This week, SF Weekly's cover story explored a program that allows veteran police officers to simultaneously earn salaries and pensions -- the latter of which is collected in a lump sum payment which can easily exceed $300,000.
While the Deferred Retirement Option Program (DROP) was enacted in 2008, its first cost analysis was released to the public less than an hour ago. And here's the money shot:
"With its current design, and with the demographics and behavior of eligible members to date, it appears that the DROP program represents a net increase in the City's liability and is not cost-neutral."
In other words, institutionalized double-dipping is costing the city money.
Yet just how much money the city is out -- if it's out any money
at all -- is "difficult to state with certainty." That's because
estimating the cost neutrality of a program like this involves combing
through demographic data and estimating how people would have behaved in a number of different scenarios, including the real world.
With DROP, cops can sock away pension costs for up to three years while they're working and then retire to lucrative pensions. So if an officer is induced by DROP to work past the age at which he'd have retired if the program didn't exist, he's only earning pension money he was going to earn anyway. This is cost-neutrality.
But if he enters the program years before his intended retirement date and then heads off to the Bahamas on that date, he has earned hundreds of thousands of dollars he wouldn't have gotten if DROP didn't exist to shower him with moolah.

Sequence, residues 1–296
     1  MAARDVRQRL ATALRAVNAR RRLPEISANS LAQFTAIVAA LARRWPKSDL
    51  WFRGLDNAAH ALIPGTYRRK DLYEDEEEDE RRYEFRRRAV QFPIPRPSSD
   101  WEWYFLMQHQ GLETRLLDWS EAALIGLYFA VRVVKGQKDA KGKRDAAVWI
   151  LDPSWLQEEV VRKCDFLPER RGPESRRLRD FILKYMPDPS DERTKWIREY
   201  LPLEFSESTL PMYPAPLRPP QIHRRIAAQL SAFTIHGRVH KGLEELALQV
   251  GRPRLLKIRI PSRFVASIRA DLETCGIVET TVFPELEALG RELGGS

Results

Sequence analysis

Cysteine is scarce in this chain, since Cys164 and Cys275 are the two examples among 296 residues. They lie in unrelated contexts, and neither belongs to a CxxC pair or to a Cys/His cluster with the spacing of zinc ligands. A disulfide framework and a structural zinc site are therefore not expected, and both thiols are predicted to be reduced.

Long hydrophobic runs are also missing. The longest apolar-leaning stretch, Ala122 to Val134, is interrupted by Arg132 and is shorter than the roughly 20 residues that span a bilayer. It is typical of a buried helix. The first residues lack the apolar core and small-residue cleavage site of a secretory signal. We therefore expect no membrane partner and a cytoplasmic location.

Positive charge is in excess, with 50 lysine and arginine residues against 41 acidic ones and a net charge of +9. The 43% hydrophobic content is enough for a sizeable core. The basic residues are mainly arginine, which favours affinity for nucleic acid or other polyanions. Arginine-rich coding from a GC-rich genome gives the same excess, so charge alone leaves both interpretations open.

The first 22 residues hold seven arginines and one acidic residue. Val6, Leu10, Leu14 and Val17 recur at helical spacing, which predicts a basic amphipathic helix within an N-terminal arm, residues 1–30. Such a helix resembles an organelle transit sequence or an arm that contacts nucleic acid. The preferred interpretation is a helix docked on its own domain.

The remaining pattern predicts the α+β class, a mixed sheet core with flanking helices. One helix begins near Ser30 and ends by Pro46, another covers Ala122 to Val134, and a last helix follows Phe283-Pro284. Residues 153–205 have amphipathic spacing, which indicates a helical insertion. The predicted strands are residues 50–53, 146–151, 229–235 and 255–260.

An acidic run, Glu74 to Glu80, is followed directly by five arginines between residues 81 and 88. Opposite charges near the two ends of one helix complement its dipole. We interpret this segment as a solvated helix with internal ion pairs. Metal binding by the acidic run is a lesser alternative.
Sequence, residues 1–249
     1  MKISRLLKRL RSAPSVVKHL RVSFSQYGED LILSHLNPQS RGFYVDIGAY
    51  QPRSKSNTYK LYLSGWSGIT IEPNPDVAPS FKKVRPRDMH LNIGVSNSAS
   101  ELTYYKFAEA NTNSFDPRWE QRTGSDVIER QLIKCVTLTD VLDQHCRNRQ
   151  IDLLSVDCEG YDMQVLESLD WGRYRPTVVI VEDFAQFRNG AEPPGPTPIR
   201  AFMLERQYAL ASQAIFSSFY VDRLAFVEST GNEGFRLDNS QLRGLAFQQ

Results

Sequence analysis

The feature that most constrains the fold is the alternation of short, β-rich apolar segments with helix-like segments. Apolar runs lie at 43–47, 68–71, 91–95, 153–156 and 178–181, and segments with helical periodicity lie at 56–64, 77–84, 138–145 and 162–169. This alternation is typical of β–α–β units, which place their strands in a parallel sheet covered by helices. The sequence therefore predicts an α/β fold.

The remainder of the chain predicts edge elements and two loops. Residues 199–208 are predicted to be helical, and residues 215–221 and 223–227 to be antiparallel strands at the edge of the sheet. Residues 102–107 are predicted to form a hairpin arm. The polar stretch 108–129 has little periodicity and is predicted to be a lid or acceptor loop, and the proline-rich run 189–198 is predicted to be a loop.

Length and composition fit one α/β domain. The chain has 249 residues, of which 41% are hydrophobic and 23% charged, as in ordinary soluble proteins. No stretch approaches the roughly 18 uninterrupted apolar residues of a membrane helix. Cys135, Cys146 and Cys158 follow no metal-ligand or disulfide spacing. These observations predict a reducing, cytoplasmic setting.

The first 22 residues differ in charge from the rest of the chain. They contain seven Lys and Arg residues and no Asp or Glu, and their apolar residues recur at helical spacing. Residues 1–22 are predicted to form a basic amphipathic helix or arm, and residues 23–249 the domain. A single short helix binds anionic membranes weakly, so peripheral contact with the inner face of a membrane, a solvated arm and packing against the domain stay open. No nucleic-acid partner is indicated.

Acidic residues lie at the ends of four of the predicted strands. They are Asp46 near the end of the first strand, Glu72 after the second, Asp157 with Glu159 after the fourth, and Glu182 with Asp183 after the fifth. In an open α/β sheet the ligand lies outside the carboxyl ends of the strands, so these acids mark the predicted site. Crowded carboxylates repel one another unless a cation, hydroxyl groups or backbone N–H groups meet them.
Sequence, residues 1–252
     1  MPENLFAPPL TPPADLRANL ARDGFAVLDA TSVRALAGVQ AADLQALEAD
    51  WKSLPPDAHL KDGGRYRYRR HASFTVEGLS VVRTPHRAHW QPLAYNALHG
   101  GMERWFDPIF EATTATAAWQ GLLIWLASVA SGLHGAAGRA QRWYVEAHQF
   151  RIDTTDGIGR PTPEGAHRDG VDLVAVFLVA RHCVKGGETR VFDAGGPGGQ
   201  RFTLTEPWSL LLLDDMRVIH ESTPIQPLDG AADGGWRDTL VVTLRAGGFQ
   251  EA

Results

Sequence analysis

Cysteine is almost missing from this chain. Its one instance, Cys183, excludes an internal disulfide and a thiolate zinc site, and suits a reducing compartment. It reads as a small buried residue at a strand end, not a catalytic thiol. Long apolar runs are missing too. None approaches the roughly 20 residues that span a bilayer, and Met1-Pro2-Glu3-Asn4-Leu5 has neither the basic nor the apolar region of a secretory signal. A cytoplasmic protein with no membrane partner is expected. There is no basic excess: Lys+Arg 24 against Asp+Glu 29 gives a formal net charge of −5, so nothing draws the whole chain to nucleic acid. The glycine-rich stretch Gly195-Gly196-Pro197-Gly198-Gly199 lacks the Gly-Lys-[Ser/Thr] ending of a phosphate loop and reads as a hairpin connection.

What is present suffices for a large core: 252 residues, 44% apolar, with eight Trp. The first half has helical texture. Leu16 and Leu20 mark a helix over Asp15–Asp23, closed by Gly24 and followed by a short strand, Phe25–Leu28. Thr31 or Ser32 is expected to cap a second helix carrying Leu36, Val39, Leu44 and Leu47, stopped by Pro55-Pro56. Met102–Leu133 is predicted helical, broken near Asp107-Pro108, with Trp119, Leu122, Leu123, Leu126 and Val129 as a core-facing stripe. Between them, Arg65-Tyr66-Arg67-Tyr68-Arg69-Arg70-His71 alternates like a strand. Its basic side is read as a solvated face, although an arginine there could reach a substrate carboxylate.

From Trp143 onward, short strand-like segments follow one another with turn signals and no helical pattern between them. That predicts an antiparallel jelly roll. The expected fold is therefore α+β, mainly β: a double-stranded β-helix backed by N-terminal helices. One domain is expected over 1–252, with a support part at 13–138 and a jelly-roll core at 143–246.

The pool of cops who've entered DROP in the past three years is small -- only 169. But charting retirement behavior before, during, and after voters enacted DROP, the controller's report states that more cops are now retiring young. Before the program, just 12 percent of cops aged 55 with 25 years or more of service retired. Now 33 percent do. "It appears from the data that most members enter DROP before they would have retired if no DROP existed." This is not a point in the program's favor.
And while DROP proponents -- namely the Police Officers Association -- claim that keeping on older cops defrays the costs of hiring new ones, the controller's report makes that a shaky point to base an argument on. Yes, keeping on veteran officers could save the city up to $3.75 million a year in costs associated with new recruits. But "under any scenario, the City's possible savings are exceeded by the Retirement System's liability costs." In other words, you're spending more than a dollar to save a dollar.